- Amazon blew past analyst expectations for revenue and earnings in the third quarter.
- Revenue jumped 13% in the quarter, a sign that the business is seeing some acceleration after a difficult 2022 that was marred by soaring inflation and rising interest rates.
- The mid-point of Amazon's fourth-quarter forecast was below analysts' estimates.
Amazon reported third-quarter earnings and revenue on Thursday that sailed past analysts' estimates. The stock climbed in extended trading.
Here are the results:
- Earnings per share: 94 cents vs. 58 cents expected by LSEG, formerly known as Refinitiv.
- Revenue: $143.1 billion vs. $141.4 billion expected by LSEG.
Investors are also following these segment numbers:
- Amazon Web Services: $23.1 billion vs. $23.2 billion in expected revenue, according to StreetAccount
- Advertising: $12.1 billion vs. $11.6 billion in expected revenue, according to StreetAccount
Amazon said fourth-quarter sales, which include the key holiday period, will be between $160 billion and $167 billion. Analysts were expecting revenue of $166.6 billion, according to LSEG. At the mid-point of its guidance range, revenue of $163.5 billion would represent growth of 9.6% from $149.2 billion a year earlier.
Revenue jumped 13% in the third quarter, a sign that the business is seeing some acceleration after a difficult 2022 that was marred by soaring inflation and rising interest rates.
Amazon has been in cost-cutting mode for the past year as it became clear that it expanded too quickly during the pandemic. The company has laid off 27,000 employees since last fall, and it's axed some of its more unprofitable bets.
CEO Andy Jassy, who succeeded founder Jeff Bezos at the helm in mid-2021, said those belt-tightening efforts continue to bear fruit.
"We had a strong third quarter as our cost to serve and speed of delivery in our Stores business took another step forward, our AWS growth continued to stabilize, our Advertising revenue grew robustly, and overall operating income and free cash flow rose significantly," Jassy said in a statement.
Sales in Amazon's core e-commerce business continued to recover, expanding 7% year over year, after growing 4% in the previous quarter. The September quarter includes the results of this year's Prime Day promotion, which took place in July. Amazon described it as its "biggest ever" sale.
Net income more than tripled to $9.9 billion, or 94 cents a share, from $2.9 billion, or 28 cents a share, a year earlier. Net income for the quarter includes pre-tax valuation gain of $1.2 billion from the company's investment in electric car company Rivian.
Amazon's results follow better-than-expected numbers from Alphabet and Meta earlier this week. However, shares of both of those companies fell after their earnings reports. Alphabet investors were concerned about disappointing revenue in the Google Cloud division, while Meta's sell-off resulted from cautionary comments regarding the ad market in light of the escalating conflict in the Middle East.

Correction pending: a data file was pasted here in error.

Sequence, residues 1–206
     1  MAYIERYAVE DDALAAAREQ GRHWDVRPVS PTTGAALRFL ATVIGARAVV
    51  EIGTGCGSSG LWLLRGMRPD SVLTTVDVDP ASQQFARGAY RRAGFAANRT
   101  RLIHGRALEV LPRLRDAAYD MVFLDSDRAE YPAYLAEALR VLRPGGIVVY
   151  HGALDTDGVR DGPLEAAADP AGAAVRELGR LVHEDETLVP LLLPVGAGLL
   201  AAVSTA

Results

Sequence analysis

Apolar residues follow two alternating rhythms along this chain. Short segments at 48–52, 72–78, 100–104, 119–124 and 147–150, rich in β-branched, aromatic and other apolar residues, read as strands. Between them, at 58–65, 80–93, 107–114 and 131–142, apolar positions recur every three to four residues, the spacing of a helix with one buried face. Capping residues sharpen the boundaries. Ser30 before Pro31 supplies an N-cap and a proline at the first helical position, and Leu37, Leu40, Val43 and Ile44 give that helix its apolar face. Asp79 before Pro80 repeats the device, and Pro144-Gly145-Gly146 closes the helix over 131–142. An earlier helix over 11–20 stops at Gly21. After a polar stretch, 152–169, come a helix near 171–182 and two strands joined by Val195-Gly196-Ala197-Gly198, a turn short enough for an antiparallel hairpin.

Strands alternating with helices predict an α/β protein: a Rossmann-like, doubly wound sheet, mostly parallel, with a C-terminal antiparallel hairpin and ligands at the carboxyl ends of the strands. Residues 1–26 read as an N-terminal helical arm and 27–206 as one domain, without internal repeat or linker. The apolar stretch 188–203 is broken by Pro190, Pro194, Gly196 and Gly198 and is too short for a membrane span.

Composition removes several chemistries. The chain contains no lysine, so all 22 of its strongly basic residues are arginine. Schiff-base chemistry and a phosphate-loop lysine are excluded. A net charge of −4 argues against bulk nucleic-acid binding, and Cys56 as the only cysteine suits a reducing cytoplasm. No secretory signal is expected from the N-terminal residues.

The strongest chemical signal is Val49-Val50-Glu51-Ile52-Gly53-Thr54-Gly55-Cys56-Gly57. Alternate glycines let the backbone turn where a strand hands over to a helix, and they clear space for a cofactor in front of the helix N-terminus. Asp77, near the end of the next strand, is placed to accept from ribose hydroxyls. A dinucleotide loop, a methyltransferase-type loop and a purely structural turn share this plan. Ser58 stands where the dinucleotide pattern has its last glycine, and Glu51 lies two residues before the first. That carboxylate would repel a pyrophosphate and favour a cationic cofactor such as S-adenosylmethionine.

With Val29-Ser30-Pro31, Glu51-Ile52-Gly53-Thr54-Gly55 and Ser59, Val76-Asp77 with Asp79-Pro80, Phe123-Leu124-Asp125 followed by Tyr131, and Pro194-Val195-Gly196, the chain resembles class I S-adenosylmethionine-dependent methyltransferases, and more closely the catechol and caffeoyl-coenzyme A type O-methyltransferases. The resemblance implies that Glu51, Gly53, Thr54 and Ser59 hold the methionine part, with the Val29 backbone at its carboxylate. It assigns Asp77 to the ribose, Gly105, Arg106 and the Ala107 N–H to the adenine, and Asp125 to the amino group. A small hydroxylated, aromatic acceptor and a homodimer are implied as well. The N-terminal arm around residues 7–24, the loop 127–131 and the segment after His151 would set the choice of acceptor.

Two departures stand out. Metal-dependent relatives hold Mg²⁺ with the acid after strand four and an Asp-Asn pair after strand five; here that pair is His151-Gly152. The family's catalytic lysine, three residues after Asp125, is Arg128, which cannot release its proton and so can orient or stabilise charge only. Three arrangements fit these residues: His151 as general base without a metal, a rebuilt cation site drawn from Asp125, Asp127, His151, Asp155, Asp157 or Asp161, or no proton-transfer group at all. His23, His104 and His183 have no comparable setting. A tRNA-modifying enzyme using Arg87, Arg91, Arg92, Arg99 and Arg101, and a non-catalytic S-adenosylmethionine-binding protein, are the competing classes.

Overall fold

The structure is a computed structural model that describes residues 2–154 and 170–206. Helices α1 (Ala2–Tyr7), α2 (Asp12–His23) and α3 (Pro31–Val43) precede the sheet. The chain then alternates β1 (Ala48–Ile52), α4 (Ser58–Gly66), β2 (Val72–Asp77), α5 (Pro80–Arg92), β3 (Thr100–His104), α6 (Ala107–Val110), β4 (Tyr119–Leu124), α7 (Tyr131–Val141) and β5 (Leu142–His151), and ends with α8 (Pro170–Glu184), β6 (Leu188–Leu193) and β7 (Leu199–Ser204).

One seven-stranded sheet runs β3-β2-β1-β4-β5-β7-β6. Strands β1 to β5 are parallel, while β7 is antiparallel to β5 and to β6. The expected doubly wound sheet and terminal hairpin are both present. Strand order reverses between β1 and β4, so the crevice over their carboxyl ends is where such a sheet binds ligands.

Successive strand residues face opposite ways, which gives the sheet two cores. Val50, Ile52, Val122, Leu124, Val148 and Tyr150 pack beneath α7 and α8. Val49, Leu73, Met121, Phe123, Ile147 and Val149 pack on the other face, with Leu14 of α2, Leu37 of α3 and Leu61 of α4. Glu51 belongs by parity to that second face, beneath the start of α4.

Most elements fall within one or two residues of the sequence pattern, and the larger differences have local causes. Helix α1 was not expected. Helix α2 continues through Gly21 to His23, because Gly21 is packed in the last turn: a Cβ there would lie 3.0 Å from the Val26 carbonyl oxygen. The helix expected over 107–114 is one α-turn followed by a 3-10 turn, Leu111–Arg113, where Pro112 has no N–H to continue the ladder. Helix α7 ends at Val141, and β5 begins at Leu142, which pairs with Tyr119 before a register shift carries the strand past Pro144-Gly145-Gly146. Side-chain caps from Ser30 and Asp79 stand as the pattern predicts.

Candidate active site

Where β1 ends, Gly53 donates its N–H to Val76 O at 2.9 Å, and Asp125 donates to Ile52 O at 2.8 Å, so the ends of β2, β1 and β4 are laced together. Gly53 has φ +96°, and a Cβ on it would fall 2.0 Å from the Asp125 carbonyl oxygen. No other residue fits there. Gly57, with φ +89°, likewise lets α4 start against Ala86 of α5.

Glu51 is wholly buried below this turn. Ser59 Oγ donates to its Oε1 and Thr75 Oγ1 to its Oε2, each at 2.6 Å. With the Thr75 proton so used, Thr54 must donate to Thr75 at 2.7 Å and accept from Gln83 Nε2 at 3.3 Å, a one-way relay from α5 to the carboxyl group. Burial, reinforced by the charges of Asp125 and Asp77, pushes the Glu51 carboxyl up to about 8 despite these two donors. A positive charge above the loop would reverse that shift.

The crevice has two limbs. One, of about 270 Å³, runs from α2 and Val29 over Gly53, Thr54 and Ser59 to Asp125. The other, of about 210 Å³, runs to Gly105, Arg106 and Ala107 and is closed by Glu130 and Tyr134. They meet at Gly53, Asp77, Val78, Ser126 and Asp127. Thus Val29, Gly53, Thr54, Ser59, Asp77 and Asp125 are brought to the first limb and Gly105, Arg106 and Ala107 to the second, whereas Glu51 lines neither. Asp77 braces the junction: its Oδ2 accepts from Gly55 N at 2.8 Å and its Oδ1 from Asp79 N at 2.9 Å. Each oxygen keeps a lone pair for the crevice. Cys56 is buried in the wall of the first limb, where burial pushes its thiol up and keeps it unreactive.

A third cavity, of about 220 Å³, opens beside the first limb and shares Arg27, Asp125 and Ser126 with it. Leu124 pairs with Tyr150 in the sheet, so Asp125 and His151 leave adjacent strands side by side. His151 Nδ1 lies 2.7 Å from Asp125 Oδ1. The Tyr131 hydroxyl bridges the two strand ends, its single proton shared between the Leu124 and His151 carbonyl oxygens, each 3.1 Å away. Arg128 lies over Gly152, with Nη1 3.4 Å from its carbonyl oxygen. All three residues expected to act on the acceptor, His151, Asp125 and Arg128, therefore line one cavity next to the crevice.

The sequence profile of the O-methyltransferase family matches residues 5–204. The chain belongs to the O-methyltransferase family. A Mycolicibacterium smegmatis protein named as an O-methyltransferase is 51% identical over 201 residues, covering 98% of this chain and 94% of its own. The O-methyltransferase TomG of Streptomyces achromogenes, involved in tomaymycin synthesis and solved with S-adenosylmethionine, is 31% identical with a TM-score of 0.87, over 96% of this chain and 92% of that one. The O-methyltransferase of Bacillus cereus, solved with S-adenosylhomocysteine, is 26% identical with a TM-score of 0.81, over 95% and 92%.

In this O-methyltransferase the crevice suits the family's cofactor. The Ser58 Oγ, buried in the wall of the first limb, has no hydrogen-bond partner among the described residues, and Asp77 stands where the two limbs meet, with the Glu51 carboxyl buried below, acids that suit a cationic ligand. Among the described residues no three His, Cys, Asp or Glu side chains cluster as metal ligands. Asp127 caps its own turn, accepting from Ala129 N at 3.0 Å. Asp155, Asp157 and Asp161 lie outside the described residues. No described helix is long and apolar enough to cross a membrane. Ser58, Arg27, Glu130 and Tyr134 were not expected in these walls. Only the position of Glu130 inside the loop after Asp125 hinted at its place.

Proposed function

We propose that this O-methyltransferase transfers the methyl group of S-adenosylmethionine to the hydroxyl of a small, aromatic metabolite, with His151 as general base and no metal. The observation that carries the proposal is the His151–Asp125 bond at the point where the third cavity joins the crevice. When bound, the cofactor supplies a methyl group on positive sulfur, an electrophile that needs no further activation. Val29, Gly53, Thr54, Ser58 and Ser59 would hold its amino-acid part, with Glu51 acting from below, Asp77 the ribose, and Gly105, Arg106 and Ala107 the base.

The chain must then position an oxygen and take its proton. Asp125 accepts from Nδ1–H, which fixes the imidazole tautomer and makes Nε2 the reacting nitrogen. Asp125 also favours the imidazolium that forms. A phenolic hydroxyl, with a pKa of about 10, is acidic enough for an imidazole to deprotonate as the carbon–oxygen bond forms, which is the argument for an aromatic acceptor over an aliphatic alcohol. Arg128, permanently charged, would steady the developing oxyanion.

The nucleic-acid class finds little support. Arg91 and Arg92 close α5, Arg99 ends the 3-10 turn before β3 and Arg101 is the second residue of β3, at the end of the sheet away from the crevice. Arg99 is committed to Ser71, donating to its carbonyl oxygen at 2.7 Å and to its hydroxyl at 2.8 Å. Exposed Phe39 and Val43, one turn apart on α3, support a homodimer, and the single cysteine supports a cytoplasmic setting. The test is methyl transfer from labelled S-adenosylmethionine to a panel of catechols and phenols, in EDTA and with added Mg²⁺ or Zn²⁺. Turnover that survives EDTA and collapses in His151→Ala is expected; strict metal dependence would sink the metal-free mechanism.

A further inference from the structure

Amazon shares fell more than 6% over the past two trading days, as the response to Alphabet and Meta's numbers hit their mega-cap tech peers.
Digital advertising continues to be a bright spot for Amazon, as third-party sellers and large brands bolster their ad spending to improve visibility in an increasingly competitive marketplace. Ad revenue soared 26% from a year earlier. That's much faster than Google's ad growth, which was 9%, and topped Facebook's ad growth of 23%. Snap said revenue rose just 5%.
In cloud, however, Amazon appears to be giving up some market share. Amazon Web Services, which leads Microsoft Azure and Google Cloud, showed growth in the quarter of 12%. Microsoft earlier this week said Azure revenue jumped 29%, and Google Cloud expanded by 22%.
Growth at AWS has slowed in recent quarters as big businesses looked to reel in spending. Chief Financial Officer Brian Olsavsky told reporters on a call after the results that the company continues to see some "cost optimization" from customers, albeit at a slower rate than before.
"There's still companies that are joining that effort but it's slowing down and we're starting to see more and more new workloads come up," Olsavsky said.
He also noted the company is taking a lot of costs out of the business. That includes expenses tied to fulfillment, delivery and the handling of inventory.
Amazon's cost cutting is showing up in its profit margin. The company reported an operating margin, the profit left after accounting for costs of core operations, of 7.8%, the highest since early 2021.
On a conference call with analysts, Jassy spoke optimistically about the outlook for AWS and said the cloud unit is seeing "the pace and volume of closed deals pick up." He said several deals were signed in September that will show up in the fourth quarter.